The UK’s Over-55s Dismiss Loyalty Apps
The majority of Britain's biggest spenders prefer physical loyalty cards over their digital counterparts.
Loyalty schemes are a prominent feature within the retail landscape, with many consumers’ wallets bulging with cards for their favourite supermarkets, fashion outlets and pharmacies.
For the use of their card they get rewarded with targeted offers and the opportunity to collect points for larger discounts, and in return the company gets invaluable insight into their customers to be able to provide a better and more personalised service.
With a global move to mobile commerce, how does the loyalty card fare in a digital landscape?
Plastic Card Services (PCS) has done research into the field. And while it’s fair to say that as a manufacturer of plastic cards they are biased in their own preference, some of the stats will be beneficial for retailers nonetheless.
Most prominently, their survey found that a majority of 80 per cent of Britain’s biggest spenders – that is, consumers aged over 55 – prefer a plastic card over a loyalty app. This is despite the fact that 91 per cent of consumers in that age group own a smartphone or other mobile device.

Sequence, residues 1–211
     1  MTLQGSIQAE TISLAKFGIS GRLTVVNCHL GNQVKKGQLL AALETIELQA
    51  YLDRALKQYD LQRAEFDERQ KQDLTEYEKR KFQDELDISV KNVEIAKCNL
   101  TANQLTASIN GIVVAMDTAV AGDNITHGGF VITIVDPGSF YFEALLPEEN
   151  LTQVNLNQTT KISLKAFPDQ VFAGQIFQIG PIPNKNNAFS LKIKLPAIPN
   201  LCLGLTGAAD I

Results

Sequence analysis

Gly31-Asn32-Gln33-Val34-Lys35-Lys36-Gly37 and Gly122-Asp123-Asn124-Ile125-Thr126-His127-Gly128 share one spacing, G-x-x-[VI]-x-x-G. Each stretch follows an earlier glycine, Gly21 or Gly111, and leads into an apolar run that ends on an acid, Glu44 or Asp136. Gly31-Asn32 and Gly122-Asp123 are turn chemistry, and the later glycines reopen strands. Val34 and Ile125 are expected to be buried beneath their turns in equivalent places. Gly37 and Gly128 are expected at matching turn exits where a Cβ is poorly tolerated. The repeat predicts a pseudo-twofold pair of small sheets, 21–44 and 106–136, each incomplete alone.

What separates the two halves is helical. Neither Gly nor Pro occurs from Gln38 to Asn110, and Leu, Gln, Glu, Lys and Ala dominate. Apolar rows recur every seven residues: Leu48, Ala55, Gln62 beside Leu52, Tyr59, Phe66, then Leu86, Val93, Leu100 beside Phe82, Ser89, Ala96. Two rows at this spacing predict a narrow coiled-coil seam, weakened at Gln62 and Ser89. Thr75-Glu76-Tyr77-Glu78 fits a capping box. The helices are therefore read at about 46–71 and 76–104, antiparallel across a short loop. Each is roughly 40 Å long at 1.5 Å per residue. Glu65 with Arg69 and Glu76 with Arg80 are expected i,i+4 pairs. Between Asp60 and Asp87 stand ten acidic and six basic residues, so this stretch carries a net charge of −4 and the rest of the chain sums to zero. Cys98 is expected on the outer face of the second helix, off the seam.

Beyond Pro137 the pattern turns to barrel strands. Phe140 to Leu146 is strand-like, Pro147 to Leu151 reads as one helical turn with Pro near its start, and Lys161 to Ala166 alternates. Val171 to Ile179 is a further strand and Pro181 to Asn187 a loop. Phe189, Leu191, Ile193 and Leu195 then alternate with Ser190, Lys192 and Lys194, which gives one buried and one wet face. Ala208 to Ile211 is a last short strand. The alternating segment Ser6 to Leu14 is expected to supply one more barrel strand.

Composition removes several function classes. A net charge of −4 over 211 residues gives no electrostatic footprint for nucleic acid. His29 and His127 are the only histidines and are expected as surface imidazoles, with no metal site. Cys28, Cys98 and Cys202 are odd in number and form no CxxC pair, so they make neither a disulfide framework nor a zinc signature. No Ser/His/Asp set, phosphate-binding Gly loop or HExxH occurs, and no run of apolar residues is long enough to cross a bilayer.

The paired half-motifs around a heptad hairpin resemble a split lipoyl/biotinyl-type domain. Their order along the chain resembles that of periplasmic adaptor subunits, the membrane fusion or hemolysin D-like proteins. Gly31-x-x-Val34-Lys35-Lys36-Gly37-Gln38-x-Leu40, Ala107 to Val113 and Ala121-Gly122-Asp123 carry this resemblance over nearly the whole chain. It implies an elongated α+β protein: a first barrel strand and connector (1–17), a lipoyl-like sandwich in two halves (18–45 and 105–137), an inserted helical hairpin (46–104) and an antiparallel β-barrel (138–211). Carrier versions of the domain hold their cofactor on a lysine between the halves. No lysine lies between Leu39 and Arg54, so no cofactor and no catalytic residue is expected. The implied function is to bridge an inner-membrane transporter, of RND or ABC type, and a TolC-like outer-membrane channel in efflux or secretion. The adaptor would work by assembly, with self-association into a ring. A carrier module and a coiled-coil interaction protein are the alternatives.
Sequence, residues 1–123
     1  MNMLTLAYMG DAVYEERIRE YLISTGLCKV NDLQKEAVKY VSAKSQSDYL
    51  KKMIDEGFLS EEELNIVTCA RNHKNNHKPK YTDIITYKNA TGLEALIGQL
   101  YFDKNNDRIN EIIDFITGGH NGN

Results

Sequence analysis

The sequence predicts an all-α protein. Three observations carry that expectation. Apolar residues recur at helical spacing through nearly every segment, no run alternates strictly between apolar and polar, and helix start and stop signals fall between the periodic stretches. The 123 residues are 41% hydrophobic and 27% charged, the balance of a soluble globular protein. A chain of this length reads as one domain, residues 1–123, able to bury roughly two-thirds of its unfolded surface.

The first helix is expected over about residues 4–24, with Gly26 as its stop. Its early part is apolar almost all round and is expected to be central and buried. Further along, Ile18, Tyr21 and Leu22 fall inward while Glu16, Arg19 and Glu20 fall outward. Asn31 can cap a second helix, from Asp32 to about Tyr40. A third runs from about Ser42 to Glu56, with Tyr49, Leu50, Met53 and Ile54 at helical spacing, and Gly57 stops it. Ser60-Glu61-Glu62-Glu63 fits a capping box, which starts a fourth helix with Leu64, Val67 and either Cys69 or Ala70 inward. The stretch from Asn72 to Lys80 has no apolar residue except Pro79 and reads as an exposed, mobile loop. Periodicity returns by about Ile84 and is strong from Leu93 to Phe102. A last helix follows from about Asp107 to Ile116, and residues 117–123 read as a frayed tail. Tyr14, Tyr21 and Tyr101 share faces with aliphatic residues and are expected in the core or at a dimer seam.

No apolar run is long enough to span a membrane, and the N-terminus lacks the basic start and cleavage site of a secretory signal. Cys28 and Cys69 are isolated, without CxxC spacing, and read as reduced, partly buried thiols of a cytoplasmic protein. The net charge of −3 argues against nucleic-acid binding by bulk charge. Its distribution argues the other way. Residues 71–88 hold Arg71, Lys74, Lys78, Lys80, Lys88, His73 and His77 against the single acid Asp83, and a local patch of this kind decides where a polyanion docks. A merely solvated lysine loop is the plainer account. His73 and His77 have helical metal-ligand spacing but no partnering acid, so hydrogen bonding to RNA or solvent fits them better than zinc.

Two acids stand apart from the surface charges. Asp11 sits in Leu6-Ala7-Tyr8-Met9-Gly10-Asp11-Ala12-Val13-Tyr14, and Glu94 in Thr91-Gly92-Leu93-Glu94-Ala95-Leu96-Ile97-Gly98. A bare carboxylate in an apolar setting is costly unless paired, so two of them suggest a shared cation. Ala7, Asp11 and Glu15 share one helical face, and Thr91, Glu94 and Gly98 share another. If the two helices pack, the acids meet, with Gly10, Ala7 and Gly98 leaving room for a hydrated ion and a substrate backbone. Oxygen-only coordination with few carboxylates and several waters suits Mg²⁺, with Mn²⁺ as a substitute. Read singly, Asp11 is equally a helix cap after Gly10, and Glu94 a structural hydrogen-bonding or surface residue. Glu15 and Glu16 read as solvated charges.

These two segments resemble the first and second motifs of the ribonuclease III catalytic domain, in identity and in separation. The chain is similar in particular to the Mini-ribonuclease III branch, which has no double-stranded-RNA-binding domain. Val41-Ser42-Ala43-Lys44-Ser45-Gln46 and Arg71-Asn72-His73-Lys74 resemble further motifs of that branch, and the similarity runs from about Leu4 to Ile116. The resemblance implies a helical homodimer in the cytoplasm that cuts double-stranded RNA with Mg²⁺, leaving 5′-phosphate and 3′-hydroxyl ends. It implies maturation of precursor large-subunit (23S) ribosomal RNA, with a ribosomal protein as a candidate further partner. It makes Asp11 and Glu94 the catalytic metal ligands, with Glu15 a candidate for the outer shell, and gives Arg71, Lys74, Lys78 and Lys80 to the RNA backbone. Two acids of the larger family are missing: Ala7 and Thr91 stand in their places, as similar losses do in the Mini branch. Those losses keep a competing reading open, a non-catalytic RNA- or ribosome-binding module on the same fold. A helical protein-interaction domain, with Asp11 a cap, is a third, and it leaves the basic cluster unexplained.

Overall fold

Rob Nicolls, Managing Director at PCS, explained the reasoning behind this staggering number dismissing loyalty apps:
"The idea that our older consumers are not embracing technology because they don’t have access to it is a misconception. 93 per cent of UK adults own a mobile phone, but the reasons they’re failing to embrace loyalty apps are vast, such as the growing fear of fraud that comes with taking things online or simply ease of use that comes with cards."
On average the over-55s were found to use their loyalty cards twice a week, with 81 per cent using their supermarket loyalty cards most frequently. With price wars still growing and supermarket brand loyalty thought to be at an all-time low, this could be good news for those getting loyalty schemes right.
Over a quarter of respondents claimed owning a loyalty card makes them more loyal to a brand, while over half had kept a loyalty card for over 10 years.
An identical survey of 18-25 year olds found that the younger generation is only fractionally more open to a move to digital, with just a quarter of respondents saying that they were interested in the mobile app for a loyalty scheme.